A frequent contributor of photographs illustrating social and labor conditions to books, magazines, and governmental agencies, Hine also documented the construction of the Empire State Building (1930–31) and headed the National Research Project of the Works Project Administration (1936–37).

In spite of this, he was relatively unknown in 1939, when he was the subject of a retrospective exhibition at the Riverside Museum and also began frequenting the Photo League. Hine quickly became the primary role model for League members interested in socially engaged photography.

He died in 1940, the same year he officially joined the League, to which his son Corydon donated his estate. A “Hine Committee” was formed to orga-nize and print from his negatives, which became an important funding source for the League. The photographs exhibited here are vintage contact prints, originally obtained by The New York Public Library’s Picture Collection from Hine’s studio in Hastings-on-Hudson, New York.

Old time craftsman printer using the old type of foot press, New York City, ca. 1905

Ellis Island, 1905

Mill workers
[Two mill workers], ca. 1905

Rendezvous of the gang down by the sugar works on the Hudson, Yonkers, New York, ca. 1907

Stevedores on coastwise steamer unloading at Charleston, S.C., ca. 1909

Slavic coal miner in Pittsburgh district, 1910

Sweat shop, ca. 1915

Lost and found
Lost and found, New York City, ca. 1915

Candy sorter in an old Huyler factory, ca. 1915

Jewish grandmother, Ellis Island, ca. 1926

Empire State Building construction, 1931

Close up of hands of winder operator, National Research Project, ca. 1937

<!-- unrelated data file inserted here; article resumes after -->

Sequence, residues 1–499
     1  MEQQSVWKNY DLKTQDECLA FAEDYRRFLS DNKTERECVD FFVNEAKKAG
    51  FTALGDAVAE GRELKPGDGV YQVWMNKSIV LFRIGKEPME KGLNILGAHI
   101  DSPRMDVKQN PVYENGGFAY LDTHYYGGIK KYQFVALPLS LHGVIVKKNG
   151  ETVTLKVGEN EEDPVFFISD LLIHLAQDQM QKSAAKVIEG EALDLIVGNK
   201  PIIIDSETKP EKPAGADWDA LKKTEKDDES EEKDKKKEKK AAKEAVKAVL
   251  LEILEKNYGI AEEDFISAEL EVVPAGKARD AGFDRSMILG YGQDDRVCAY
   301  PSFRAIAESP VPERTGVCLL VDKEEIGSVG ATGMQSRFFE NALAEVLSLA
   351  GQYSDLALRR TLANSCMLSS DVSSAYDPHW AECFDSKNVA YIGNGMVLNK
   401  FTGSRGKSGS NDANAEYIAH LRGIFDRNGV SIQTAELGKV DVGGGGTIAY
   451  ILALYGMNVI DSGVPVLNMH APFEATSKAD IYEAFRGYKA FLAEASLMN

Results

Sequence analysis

“Mr. Hine came to photography with the purpose of making sociological records. He was trained as a sociologist. Instinctively he grasped the real meaning of the work he was called upon to do. He recognized the dignity and true meaning of the workingman and woman and reflected this in his work.”
—Sol Libsohn, “A Statement on Exhibition Policy,” Photo Notes, December 1939

Dorothea Lange
(born Dorothea Margaretta Nutzhorn, 1895, Hoboken, New Jersey; died 1965)

Resettled child just arrived at government project in New Mexico, Farm Security Administration, 1936

The O’Hallorans, County Clare, Ireland, 1954

Secluded woman, Pakistan, 1958

Egypt, 1963

“We must break down the barriers between [photographers] and sociologists, economists
and social workers.”
—Dorothea Lange, “Lange Visits Photo League,” Photo Notes, September 1939

Beaumont Newhall
(born 1908, Lynn, Massachusetts; died 1993)

Edward Weston’s kitchen, n.d.
Shirley Carter Burden Collection

Ralph Steiner
(born 1899, Cleveland, Ohio; died 1986)

[Merry Christmas window display], 1922, printed 1981
Gift of Brenda Edelson

“Ralph Steiner, well-known documentary still and motion picture photographer and picture editor of PM’s Weekly, was the feature speaker at the August 9 general membership meeting at the League. Mr. Steiner’s subject was ‘Art and Documentary Photography.’ The trouble with most photographs, Mr. Steiner said, is that they tell their stories too weakly.”
—“Ralph Steiner at the League,” Photo Notes, September 1940

Edward Weston
(born 1886, Highland Park, Illinois; died 1958)

H.K. Landis, Landis Valley, Pennsylvania, 1941
Shirley Carter Burden Collection

“Weston’s nudes have occasionally caused him exhibition difficulties.… Weston also ruffled the feathers of certain friends with pictures of a different sort. Throughout the war period he was kept close to home by gasoline rationing and by his duties as a volunteer civilian air and sea watcher (up in a cold shack on the coast, at night). Accordingly, he turned his lens on his own back yard—his beautiful cats, the trees and rocks around his house, the faces and bodies of his family and friends.”
—Louis Clyde Stoumen, “Week-End with Weston,” Photo Notes, June 1948

Next Section